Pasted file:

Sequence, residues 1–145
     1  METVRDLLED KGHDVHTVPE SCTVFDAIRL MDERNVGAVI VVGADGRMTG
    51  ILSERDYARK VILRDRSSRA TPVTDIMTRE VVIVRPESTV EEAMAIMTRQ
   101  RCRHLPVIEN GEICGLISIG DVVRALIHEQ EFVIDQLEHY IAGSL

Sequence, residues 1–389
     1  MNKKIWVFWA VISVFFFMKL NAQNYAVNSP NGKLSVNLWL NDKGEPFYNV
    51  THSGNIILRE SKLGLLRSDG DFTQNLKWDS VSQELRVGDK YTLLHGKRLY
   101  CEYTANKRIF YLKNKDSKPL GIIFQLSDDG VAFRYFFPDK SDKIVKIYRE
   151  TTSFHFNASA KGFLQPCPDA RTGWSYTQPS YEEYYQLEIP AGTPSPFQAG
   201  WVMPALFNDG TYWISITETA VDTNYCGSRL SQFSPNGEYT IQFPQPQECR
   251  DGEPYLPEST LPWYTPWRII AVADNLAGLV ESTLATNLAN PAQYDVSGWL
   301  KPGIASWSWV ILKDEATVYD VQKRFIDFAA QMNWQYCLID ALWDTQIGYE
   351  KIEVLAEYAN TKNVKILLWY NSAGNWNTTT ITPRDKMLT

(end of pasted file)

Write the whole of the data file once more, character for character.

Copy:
Sequence, residues 1–145
     1  METVRDLLED KGHDVHTVPE SCTVFDAIRL MDERNVGAVI VVGADGRMTG
    51  ILSERDYARK VILRDRSSRA TPVTDIMTRE VVIVRPESTV EEAMAIMTRQ
   101  RCRHLPVIEN GEICGLISIG DVVRALIHEQ EFVIDQLEHY IAGSL

Sequence, residues 1–389
     1  MNKKIWVFWA VISVFFFMKL NAQNYAVNSP NGKLSVNLWL NDKGEPFYNV
    51  THSGNIILRE SKLGLLRSDG DFTQNLKWDS VSQELRVGDK YTLLHGKRLY
   101  CEYTANKRIF YLKNKDSKPL GIIFQLSDDG VAFRYFFPDK SDKIVKIYRE
   151  TTSFHFNASA KGFLQPCPDA RTGWSYTQPS YEEYYQLEIP AGTPSPFQAG
   201  WVMPALFNDG TYWISITETA VDTNYCGSRL SQFSPNGEYT IQFPQPQECR
   251  DGEPYLPEST LPWYTPWRII AVADNLAGLV ESTLATNLAN PAQYDVSGWL
   301  KPGIASWSWV ILKDEATVYD VQKRFIDFAA QMNWQYCLID ALWDTQIGYE
   351  KIEVLAEYAN TKNVKILLWY NSAGNWNTTT ITPRDKMLT